California Comparative Negligence Law
When a person owes another a duty of care through action or decision, and the person fails to do that, it is considered negligence. For instance, if a person approaches a stop sign at an intersection, the person has a duty of care to other drivers and pedestrians to stop. Failing to stop and causing an accident is negligence on the driver’s part. To provide another example, a store owner has a duty of care to make sure that entryways are dry or safe when it rains. If the store owner does not clean up water that people track into the entryway and does not take steps to minimize falls, that is negligence. In cases involving personal injury, negligence contributes or leads to someone being harmed.
In all states, laws exist to discourage carelessness and to protect people who are victims of others’ negligence. While definitions of negligence are consistent throughout other states, the degrees of defined fault and how damages are compensated may differ. California uses a form of comparative negligence, which looks at the degree or percentage of fault that an individual has in a specific incident. Any financial awards for damages are based on percentage of responsibility. However, some states that use the contributory negligence doctrine do not allow people to collect compensation for a personal injury if they are even a tiny bit responsible for causing it.
How Does California’s Pure Comparative Negligence Law Work?
In cases of negligence, fault refers to blame. It may lie with one or more involved parties in a personal injury incident. California rules divide blame based on specific factors by percentages, and each party is responsible for the percentage of the blame. For instance, imagine that two people are in a car accident. One driver is 75% to blame, and the other driver has a 25% share of the fault. The driver with the larger percentage of blame would be responsible for 75% of the damages for the accident, and the other driver would be responsible for 25%.
Because of the “pure” comparative negligence doctrine of California for injury cases, even people who are 99% to blame for an accident may be able to recover at least some damages. In other states that have “modified” comparative doctrines, people can only recover damages if their share of the blame is under 50%. In California, when any plaintiffs attempt to collect damages, their awards are reduced by their percentage of responsibility for the accident. For instance, if the damage award is $10,000, and a plaintiff’s share of the blame is 25%, the award would be reduced by $2,500 to be a total of $7,500.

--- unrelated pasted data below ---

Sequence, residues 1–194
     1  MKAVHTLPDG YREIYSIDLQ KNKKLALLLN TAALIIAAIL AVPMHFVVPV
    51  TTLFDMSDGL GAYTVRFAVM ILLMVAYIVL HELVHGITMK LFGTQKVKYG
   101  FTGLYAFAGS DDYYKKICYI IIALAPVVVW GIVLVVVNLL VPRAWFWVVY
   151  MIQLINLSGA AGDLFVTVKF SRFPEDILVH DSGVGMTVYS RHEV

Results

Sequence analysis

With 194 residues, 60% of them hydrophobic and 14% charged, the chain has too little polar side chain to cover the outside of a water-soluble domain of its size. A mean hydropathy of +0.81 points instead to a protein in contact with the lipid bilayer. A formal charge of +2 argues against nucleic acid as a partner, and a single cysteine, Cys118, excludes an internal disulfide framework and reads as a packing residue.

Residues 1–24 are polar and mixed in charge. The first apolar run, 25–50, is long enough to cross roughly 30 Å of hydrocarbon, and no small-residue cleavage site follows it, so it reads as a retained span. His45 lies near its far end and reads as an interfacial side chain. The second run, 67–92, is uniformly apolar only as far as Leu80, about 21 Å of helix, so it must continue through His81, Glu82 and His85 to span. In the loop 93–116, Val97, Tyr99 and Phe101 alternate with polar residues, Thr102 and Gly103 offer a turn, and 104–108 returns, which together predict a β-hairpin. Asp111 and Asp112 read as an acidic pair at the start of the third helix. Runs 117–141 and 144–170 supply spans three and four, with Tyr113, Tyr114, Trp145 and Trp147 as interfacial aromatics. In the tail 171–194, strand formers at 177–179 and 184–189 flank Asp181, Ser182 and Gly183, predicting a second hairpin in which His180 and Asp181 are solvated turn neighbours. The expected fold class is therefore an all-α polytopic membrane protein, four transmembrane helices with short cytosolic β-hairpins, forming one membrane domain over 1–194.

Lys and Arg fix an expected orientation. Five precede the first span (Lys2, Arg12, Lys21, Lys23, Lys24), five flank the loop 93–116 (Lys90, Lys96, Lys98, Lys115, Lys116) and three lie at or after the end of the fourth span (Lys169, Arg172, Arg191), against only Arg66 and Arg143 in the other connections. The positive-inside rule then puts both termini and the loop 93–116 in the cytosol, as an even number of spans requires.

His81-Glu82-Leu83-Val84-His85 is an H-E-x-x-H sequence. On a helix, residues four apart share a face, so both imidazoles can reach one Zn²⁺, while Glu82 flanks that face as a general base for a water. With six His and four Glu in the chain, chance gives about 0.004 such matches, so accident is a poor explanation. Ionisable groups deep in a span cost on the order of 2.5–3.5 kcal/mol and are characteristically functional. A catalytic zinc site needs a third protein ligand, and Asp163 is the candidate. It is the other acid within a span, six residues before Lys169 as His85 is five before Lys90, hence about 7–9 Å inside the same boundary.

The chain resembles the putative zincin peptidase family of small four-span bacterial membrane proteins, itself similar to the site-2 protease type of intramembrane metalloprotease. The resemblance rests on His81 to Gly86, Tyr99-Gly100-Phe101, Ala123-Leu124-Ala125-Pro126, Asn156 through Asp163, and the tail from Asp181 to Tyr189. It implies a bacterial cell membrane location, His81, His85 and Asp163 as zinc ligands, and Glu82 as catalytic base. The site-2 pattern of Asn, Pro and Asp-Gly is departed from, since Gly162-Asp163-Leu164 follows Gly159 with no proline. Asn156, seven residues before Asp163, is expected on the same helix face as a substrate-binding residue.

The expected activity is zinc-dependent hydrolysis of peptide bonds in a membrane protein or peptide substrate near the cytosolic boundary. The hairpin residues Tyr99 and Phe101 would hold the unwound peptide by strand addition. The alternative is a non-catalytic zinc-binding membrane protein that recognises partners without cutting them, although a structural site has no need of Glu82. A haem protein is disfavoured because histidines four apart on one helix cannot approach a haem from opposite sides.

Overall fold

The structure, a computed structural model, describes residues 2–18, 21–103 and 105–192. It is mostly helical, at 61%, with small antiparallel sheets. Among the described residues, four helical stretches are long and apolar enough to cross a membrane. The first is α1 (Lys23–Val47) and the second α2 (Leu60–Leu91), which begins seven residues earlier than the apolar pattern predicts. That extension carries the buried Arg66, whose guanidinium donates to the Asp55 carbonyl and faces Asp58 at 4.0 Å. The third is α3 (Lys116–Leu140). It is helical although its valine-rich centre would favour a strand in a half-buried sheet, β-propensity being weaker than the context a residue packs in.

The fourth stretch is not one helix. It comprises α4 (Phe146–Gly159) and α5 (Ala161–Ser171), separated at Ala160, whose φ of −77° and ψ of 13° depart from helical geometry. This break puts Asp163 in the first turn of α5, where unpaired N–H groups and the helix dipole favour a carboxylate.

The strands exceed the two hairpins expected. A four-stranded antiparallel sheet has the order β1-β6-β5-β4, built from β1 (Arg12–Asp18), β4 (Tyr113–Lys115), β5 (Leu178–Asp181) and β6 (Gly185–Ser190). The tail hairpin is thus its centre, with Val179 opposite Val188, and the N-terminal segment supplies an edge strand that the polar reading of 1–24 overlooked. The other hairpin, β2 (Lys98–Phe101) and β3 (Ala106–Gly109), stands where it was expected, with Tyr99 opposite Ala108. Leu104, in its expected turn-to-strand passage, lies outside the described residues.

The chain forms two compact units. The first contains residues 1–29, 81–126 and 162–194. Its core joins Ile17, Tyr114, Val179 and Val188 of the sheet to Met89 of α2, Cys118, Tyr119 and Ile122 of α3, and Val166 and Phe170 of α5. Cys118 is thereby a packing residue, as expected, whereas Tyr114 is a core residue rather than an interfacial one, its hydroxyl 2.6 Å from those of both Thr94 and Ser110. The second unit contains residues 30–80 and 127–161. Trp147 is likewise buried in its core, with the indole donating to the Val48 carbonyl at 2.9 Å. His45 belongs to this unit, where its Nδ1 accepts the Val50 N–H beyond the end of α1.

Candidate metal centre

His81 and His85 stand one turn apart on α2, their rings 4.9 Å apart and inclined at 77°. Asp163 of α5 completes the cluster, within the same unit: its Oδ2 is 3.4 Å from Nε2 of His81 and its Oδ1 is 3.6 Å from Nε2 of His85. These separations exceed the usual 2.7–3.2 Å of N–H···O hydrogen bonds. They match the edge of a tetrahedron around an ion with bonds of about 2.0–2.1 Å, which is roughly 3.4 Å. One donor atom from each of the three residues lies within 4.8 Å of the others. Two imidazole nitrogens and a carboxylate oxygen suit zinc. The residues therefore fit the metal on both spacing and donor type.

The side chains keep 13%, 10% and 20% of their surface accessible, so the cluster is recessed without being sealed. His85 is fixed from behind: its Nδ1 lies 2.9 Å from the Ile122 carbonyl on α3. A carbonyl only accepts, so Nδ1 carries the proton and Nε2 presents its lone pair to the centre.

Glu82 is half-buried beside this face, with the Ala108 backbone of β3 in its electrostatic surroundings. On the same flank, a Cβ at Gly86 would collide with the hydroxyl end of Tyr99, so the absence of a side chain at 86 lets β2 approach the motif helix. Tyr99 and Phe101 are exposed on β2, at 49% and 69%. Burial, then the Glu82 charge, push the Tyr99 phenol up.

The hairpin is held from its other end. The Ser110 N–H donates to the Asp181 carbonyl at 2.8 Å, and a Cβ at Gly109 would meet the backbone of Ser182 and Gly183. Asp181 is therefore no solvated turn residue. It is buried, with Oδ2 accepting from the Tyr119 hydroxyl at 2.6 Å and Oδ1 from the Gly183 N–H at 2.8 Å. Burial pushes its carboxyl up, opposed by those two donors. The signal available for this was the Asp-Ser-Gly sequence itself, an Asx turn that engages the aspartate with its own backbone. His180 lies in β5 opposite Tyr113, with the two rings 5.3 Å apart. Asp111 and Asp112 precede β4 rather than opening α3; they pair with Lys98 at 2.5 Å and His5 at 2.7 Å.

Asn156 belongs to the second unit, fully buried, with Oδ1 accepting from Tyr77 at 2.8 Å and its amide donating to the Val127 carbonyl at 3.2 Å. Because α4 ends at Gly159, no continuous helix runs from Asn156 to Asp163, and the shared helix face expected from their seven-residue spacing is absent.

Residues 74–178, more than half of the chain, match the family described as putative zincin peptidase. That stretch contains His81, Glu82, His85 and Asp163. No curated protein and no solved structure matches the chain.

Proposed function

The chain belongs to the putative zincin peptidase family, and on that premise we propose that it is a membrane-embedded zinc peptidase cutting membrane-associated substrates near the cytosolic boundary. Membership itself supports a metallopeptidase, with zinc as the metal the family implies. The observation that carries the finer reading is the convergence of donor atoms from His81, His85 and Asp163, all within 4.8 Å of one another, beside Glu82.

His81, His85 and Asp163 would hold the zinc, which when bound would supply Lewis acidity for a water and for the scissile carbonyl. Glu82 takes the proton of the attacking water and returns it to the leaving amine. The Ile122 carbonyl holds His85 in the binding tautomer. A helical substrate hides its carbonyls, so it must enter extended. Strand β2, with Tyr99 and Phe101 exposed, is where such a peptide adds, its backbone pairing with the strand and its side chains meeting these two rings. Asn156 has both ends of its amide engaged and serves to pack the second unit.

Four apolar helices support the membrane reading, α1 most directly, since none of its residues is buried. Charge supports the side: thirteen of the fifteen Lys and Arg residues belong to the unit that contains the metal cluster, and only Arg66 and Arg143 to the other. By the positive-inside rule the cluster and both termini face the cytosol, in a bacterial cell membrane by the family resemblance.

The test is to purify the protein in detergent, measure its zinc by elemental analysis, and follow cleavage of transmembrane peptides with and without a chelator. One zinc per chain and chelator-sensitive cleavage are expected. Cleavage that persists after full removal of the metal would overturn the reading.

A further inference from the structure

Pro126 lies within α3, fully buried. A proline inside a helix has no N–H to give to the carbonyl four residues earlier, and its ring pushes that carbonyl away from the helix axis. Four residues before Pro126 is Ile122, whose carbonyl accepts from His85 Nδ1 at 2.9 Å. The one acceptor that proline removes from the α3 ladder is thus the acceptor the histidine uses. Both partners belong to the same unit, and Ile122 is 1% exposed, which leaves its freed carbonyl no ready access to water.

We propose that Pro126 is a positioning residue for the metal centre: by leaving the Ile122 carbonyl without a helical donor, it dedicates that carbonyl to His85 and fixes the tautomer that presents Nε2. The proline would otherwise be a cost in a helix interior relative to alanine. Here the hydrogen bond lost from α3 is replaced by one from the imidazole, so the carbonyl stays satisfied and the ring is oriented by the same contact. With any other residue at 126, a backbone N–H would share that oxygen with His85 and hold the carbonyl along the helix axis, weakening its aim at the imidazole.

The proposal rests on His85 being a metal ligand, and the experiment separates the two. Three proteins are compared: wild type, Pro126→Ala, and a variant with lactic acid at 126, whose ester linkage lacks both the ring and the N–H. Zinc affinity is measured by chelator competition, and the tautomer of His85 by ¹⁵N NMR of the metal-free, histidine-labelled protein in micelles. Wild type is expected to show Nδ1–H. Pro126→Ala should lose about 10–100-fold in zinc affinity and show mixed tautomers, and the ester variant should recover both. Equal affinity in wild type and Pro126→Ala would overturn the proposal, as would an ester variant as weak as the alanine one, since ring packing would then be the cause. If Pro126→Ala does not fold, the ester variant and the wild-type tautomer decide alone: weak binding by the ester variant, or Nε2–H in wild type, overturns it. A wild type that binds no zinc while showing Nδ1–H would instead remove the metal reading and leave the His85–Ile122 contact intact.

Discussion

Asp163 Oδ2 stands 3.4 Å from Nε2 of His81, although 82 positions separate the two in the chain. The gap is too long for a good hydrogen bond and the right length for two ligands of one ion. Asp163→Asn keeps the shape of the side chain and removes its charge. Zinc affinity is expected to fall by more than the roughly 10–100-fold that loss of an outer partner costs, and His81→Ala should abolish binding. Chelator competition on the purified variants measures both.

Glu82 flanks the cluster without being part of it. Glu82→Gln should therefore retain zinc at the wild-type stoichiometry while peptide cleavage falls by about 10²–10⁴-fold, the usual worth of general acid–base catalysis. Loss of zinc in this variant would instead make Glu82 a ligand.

How Is Comparative Fault Determined?
With injury cases in California, a judge or a jury determines the share of blame for injuries. How percentages are divided and formulated may also depend on the complexity of the case and how many contributing factors exist. For example, a case with two drivers in an accident where both are distracted may not be as complex as an accident where four drivers are involved, there is inclement weather and all of the drivers are distracted.
Whether a jury or a judge determines responsibility depends on the case going to trial or being settled out of court. Many cases involving personal injuries are settled out of court. When there is a trial, the jurors receive instructions that educate them about California’s applicable laws. In cases where negligence is shared, the instructions state that the defendant must prove the plaintiff’s negligence and that the negligence was substantial in causing harm. If the jury can verify the relevant claims, they must determine responsibility percentages for the plaintiff and defendant. Whether there are two or more parties involved, the percentages assigned to each party must total 100 when they are added together. After that, the jury determines the extent of damages to formulate a damage total for the accident.
What Types of Cases May Involve Comparative Negligence?
The most common types of cases that apply to this area of California law are accidents. These are some examples:
- Truck accidents